To be fair, I had a tiny history of taking us off of the beaten path to find obscure national parks stamps. This wouldn’t have been the first time I had miscalculated the difficulties in finding a national park or historic site off of the beaten path.
“The website said that it’s open. We’ll find it.” But if I was being honest, I really didn’t know what we were going to find when Waze announced that we had reached our destination.
What we found was an eye-opening trip back into time.
The visitor’s center is actually the original general store at the Oakland Plantation. The main house was under renovation and the ranger offered a lot of apologies to us as we walked around the porch and the inside of the house. We learned that the tree lined roads leading up to the main house didn’t just look attractive, they kept the houses cool by creating a wind tunnel of sorts that funneled breezes right through the houses on most plantations. We learned about tall ceilings and the ways wealthy plantation families lived.
But the main house wasn’t the highlight of the trip, and it’s not the memory that stuck with us.
Jeff and I were both northern raised, and our knowledge of southern history was limited to what we learned in history classes or from our own reading. And as we learned on our trip to Gettysburg and so many other places through our childhoods and adulthoods, sometimes just learning about something isn’t enough. Until I have actually been somewhere and seen the remnants of the history myself, my understanding of the event is incomplete. This was clearly the case as we walked around the plantation grounds at both Oakland and Magnolia Plantations.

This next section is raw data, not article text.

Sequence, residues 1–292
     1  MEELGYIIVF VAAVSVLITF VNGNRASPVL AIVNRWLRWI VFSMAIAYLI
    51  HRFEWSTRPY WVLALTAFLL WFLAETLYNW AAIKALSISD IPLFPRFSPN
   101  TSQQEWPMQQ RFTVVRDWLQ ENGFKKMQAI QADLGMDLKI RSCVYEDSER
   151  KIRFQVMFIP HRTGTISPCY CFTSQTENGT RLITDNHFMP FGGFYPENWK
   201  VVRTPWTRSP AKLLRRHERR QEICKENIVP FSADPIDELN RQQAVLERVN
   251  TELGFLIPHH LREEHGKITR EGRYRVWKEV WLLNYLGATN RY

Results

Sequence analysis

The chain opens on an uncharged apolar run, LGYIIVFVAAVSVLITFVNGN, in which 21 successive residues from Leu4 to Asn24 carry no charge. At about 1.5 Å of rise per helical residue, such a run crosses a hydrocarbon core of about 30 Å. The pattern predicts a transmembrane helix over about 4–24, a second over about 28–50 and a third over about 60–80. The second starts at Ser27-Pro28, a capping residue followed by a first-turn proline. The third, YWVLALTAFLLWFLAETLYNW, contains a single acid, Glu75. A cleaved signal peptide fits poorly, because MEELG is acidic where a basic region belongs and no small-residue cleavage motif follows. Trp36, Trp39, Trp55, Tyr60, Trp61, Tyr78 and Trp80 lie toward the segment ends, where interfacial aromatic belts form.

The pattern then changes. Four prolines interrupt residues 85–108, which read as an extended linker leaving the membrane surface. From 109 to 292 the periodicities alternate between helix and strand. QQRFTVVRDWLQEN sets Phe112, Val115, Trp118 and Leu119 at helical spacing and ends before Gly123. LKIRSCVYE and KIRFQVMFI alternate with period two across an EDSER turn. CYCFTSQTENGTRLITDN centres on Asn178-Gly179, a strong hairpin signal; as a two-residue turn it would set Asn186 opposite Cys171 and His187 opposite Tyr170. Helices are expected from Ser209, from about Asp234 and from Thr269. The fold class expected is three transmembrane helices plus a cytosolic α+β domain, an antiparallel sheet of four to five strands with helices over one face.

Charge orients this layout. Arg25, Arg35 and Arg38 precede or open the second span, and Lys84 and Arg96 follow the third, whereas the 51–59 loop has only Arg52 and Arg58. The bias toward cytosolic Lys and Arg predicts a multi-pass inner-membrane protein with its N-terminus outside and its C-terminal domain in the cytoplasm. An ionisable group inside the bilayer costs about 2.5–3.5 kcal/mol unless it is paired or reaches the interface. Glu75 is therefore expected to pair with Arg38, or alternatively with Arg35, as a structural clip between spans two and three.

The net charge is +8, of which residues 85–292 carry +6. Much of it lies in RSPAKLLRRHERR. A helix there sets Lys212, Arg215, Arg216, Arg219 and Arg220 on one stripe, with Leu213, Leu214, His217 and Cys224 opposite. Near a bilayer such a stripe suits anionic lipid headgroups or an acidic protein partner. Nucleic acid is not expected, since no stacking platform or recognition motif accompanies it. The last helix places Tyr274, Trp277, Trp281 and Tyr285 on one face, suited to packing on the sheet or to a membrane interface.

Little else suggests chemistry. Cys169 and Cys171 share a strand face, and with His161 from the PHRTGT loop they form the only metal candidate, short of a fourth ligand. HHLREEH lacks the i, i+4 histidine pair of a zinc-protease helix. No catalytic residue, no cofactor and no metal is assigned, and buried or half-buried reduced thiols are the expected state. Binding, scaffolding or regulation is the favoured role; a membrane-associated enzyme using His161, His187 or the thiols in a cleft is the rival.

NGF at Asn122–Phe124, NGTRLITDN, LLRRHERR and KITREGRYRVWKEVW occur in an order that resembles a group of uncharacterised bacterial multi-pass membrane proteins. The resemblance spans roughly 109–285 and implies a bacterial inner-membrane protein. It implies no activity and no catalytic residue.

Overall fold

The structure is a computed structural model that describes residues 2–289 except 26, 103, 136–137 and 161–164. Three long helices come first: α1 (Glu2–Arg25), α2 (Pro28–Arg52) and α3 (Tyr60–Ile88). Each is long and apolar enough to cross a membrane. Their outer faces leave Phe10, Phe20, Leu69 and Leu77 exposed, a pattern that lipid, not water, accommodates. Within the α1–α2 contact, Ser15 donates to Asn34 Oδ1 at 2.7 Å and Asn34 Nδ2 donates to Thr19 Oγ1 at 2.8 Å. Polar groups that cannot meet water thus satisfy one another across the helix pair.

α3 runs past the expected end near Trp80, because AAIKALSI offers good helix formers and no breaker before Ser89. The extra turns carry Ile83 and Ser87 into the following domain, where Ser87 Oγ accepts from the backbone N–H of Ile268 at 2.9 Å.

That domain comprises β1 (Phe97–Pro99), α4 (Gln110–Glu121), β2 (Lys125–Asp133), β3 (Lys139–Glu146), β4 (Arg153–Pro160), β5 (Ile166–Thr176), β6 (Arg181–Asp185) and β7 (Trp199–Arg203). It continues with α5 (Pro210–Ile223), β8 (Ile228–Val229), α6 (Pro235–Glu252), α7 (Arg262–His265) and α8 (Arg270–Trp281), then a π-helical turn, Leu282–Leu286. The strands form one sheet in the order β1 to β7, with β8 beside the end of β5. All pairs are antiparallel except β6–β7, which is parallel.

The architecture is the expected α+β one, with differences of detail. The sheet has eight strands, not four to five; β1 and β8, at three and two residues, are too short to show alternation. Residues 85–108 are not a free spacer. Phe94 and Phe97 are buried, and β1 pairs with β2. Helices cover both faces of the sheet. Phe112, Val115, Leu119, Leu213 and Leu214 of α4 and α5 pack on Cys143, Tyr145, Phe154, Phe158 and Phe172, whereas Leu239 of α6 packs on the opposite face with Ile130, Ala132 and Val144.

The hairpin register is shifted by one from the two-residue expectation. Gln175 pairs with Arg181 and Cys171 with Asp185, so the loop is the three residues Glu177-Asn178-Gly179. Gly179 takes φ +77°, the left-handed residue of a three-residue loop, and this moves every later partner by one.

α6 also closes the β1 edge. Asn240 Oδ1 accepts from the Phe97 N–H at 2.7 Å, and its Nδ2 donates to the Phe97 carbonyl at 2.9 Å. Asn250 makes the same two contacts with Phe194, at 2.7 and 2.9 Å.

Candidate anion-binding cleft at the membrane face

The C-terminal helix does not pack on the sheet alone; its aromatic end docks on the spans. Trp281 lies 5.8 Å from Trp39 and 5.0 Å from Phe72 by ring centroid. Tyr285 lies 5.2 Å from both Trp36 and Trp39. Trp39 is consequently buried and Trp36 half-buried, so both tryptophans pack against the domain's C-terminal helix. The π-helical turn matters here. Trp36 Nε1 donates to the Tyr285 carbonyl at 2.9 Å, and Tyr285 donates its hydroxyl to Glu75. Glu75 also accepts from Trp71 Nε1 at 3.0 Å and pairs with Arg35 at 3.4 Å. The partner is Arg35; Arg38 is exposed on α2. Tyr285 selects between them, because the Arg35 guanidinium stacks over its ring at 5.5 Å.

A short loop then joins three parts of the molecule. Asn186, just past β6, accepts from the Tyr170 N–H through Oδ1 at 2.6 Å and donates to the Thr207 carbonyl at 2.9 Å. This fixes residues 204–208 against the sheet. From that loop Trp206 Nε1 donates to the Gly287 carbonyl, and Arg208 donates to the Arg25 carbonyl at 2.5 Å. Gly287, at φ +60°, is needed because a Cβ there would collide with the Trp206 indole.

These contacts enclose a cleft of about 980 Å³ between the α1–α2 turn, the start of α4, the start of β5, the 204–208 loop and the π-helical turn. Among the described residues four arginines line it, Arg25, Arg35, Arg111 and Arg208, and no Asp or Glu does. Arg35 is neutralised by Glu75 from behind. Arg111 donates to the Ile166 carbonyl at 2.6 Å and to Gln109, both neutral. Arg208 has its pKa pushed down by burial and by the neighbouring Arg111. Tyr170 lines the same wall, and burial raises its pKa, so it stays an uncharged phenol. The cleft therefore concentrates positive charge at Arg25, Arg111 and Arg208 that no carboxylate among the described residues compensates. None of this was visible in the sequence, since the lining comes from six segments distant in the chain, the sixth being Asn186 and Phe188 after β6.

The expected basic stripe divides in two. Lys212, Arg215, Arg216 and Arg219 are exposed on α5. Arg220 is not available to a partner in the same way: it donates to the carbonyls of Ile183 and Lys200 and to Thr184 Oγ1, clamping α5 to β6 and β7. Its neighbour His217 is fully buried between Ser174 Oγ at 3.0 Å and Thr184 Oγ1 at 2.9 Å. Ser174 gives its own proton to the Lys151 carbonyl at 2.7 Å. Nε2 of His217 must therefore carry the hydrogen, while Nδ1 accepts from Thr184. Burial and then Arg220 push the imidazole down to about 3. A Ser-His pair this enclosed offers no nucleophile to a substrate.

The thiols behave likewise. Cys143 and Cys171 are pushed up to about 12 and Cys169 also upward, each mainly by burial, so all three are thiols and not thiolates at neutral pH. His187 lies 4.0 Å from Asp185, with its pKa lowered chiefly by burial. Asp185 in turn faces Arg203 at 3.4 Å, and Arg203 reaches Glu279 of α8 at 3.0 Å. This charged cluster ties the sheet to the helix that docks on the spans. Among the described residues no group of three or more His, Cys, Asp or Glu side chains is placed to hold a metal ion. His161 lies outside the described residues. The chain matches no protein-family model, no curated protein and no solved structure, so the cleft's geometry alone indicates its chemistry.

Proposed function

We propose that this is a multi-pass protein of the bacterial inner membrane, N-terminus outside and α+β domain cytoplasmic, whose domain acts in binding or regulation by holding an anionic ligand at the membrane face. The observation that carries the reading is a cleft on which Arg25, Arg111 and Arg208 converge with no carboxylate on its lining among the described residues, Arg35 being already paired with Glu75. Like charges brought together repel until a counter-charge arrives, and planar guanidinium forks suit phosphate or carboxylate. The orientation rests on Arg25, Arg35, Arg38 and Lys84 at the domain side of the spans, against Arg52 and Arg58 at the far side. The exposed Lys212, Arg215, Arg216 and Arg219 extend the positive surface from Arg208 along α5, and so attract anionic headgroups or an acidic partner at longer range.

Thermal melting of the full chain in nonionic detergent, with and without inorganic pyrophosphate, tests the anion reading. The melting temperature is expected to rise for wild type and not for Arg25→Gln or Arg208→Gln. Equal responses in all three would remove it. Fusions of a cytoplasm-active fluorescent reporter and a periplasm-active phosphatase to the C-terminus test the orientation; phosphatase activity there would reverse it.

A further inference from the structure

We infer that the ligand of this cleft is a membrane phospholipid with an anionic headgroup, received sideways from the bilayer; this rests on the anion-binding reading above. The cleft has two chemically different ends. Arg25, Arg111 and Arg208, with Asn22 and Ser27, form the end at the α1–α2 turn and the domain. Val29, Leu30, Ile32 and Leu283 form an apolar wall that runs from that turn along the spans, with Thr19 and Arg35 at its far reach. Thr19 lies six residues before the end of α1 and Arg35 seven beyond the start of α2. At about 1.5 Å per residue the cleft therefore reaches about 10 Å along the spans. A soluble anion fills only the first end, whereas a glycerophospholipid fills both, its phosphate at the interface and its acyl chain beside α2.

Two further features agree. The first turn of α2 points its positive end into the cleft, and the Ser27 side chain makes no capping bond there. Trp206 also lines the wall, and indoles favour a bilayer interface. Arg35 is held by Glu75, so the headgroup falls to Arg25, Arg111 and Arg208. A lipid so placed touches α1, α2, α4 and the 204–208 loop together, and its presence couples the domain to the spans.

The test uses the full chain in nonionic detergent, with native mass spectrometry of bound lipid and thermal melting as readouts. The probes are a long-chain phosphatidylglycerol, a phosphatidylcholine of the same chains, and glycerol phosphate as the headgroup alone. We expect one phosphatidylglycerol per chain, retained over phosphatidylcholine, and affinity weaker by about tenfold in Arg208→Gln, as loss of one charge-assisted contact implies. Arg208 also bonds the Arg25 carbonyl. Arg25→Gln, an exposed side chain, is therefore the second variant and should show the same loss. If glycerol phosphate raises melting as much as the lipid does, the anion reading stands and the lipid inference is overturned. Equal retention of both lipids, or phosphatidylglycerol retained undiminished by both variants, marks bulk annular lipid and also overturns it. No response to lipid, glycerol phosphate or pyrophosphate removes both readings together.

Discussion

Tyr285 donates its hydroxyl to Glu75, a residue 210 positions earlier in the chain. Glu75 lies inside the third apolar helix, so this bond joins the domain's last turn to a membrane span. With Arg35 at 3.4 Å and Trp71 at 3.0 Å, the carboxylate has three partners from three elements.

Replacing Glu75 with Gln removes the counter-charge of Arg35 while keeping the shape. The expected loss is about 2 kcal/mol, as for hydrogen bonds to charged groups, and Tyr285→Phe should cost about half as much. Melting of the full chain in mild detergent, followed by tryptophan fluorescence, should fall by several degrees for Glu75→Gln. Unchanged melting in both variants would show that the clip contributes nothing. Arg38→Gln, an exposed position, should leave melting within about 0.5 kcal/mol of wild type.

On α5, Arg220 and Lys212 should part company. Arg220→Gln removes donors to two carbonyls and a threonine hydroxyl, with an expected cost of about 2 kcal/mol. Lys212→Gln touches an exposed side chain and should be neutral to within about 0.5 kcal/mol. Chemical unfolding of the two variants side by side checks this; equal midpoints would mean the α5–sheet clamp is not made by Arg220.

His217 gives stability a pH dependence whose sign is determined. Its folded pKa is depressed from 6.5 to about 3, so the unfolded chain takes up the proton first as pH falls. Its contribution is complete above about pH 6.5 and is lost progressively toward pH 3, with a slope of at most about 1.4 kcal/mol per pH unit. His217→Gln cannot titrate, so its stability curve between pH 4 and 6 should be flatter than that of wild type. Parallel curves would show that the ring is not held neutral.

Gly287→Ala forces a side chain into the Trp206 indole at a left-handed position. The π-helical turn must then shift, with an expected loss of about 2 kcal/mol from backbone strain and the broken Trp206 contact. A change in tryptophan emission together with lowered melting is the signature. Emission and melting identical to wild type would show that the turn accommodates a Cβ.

At the general store we learned the history of plantations post-Reconstruction. It’s one thing to be told that former slaves turned to sharecropping on the plantations they had worked for free for their entire lives. It’s another thing entirely to realize that “freedom” didn’t mean that they were truly free to leave the plantations to pursue their own interests. It wasn’t just that former slaves with limited employment options had to promise a portion of their profits to the landowners (a business practice in and of itself that I’ve always questioned), but they had to buy all of their goods from the plantation general store and pay the prices set by the plantation owner. The economic difficulties of former slaves and the generations that followed suddenly made a lot more sense.
A few years before the trip I had read Ernest Gaines’ book A Gathering of Old Men for one of my graduate classes. I loved the book and found it to be an eye-opening look into life in some pockets of the deep South in the 1970s, over 100 years after the abolition of slavery. But I couldn’t picture it. I couldn’t picture the slave cabins turned sharecropper homes. I couldn’t picture the community that remained. I couldn’t picture the life that the people stuck in the sharecropping lifestyle lived.
Suddenly I understood, and as we walked around the grounds of the Oakland and Magnolia Plantations, we tried to help our own children understand the significance of the historical footsteps they were walking in. That particular national historic site is off of the beaten path, and we never would have made a special trip just to visit there. But because we were camping in a place we hadn’t expected to be and it was close enough for a day trip, we did it. It wasn’t the first or the last time that camping would give us the opportunity to see places and do things that we normally wouldn’t do, and as we drove back to the campground for dinner and a campfire, I was thankful that we had made the decision to find another place to camp despite the need for a last-minute change in plans.